22 August 2005

Novartis Fails to Describe Best Method

On 16 August 2005, the Delegate of the Commissioner of Patents handed down Novartis AG v Monsanto Co [2005] APO 36.

The matter arose out of an opposition by Monsanto to the grant of a patent to Novartis on Australian patent application no. 720095. The matter is interesting in that it sets out an example of an insufficient description of a preferred embodiment of an invention. Section 40 (2)(a) of the Australian Patents Act 1990 sets out that a complete specification must describe the invention fully, including the best method known to the applicant of performing the invention. The matter also canvassed the issues of novelty and inventive step.

The relevant claims are extensive and Bazpat will not repeat them here. In short, claim 1 is directed to a process for the control of weeds, where the process is characterised in that a "synergistic amount" of at least one herbicide is added to "a phospho-herbicide selected from the group comprising glufosinate and glyphosate". A further independent claim 14 is directed to a composition of "...glufosinate and a synergistic amount of at least one further herbicide selected from...". Yet a further independent claim 15 is directed to a composition of "...glyphosate and a synergistic amount of at least one further herbicide selected from ...".

The Delegate interpreted the claims as having "a synergistic amount" of the co-herbicide as an essential feature. The Delegate held that: "Synergy is established by comparing the effect of each of the components individually with the effect of the mixture of components. If the effect of the mixture is greater than the sum of the individual components, then there is synergy."

The Delegate pointed out that the specification indicated that the proportion of the active ingredients is preferably in the range of 1:100 to 1:0.001. There was no suggestion in the specification whether any ratio in that large range was more likely to be synergistic. No examples of a synergistic amount were given. In the words of the Delegate: "A person seeking to work the invention is confronted with the need to undertake a potentially huge amount of experimentation in order to find a suitable composition".

The specification was held to leave the reader without guidance of where success is likely, or even where success is possible. Thus, the Delegate held that the specification clearly failed to disclose a manner of carrying out the invention, and consequently did not fully describe the invention.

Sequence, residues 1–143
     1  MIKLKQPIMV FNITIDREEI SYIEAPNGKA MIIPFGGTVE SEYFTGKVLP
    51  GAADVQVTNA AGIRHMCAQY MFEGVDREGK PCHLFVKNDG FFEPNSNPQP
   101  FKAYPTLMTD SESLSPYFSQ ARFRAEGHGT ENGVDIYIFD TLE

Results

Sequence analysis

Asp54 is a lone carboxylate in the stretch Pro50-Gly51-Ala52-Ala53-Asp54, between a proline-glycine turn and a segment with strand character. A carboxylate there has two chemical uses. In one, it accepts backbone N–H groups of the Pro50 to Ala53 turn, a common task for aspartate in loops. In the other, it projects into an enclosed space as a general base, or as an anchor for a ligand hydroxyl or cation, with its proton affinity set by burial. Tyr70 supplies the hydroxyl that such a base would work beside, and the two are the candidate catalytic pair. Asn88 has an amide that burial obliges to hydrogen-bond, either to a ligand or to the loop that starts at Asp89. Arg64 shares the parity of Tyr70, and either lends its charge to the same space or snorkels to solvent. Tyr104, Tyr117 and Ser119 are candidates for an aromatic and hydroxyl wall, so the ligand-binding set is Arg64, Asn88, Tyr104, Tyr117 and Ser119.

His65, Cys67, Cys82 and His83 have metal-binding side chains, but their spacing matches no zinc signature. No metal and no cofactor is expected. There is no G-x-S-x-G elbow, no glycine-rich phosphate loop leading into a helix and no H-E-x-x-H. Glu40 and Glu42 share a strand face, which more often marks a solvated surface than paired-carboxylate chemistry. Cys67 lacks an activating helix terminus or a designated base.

14 August 2005

Federal Court Refuses Protection for Structuring Financial Transactions

On 12 August 2005, the Federal Court handed down Grant v Commissioner of Patents [2005] FCA 1100. Branson J. held that the invention defined by the following claim was not proper subject matter for a patent (see my previous post for some background on this aspect of our patent law):

"An asset protection method for protecting an asset owned by an owner, the method comprising the steps of:

(a) establishing a trust having a trustee,
(b) the owner making a gift of a sum of money to the trust,
(c) the trustee making a loan of said sum of money from the trust to the owner, and
(d) the trustee securing the loan by taking a charge for said sum of money over the asset."

The matter was an appeal from a decision of the delegate of the Commissioner of Patents. The Applicant argued that the invention was patentable because it concerned a method of creating an artificial state of affairs and had economic utillity in practical affairs. The argument was based on the well-known National Research Development Corporation v Commissioner of Patents (1959) 102 CLR 252 (NRDC) case. The Applicant quoted that judgement as setting out:
'... the method the subject of the relevant claims has as its end result an artificial effect falling squarely within the true concept of what must be produced by a process if it is to be held patentable ... It is a "product" because it consists in an artificially created state of affairs, discernible by observing over a period the growth of weeds and crops respectively on sown land on which the method has been put into practice. And the significance of the product is economic; for it provides a remarkable advantage ... for one of the most elemental activities by which man has served his material needs, the cultivation of the soil for the production of its fruits.'

However, the Delegate noted that the concept of manner of manufacture has consistently involved either the discovery of laws of nature or the application of a technology based on the laws of nature. He set out that the invention was " a discovery in relation to the laws of Australia, useful in the affairs of the populace." As such, the Delegate concluded that the invention did not result in an "artificially created state of affairs " in the sense discussed in NRDC.

Branson J. supported the delegate's conclusion, but varied in her reasoning. She cited the NRDC case: "any attempt to state the ambit of s6 of the Statute of Monopolies by precisely defining "manufacture" is bound to fail ". She held that it would be wrong to see NRDC itself as defining a manner of manufacture as resulting in an artificially created state of affairs of economic significance.

As part of her reasoning Branson J. went back to the Statute of Monopolies upon which our interpretation of patentable subject matter is founded. In that statement any manner of new manufacture should not be " contrary to the law nor mischievous to the state, by raising prices of commodities at home, or hurt of trade, or generally inconvenient." Thus, this was intended to allow the grant of monopolies for a limited time where the public benefit might be expected to outweigh the public cost of the resultant interference with free trade. Branson J. reiterated the principle that applying the Statute of Monopolies involves more than just identifying classes of invention which have in the past been found to constitute a manner of manufacture. Our courts have repeatedly held that advances in science and the development of new technologies render this approach unsound.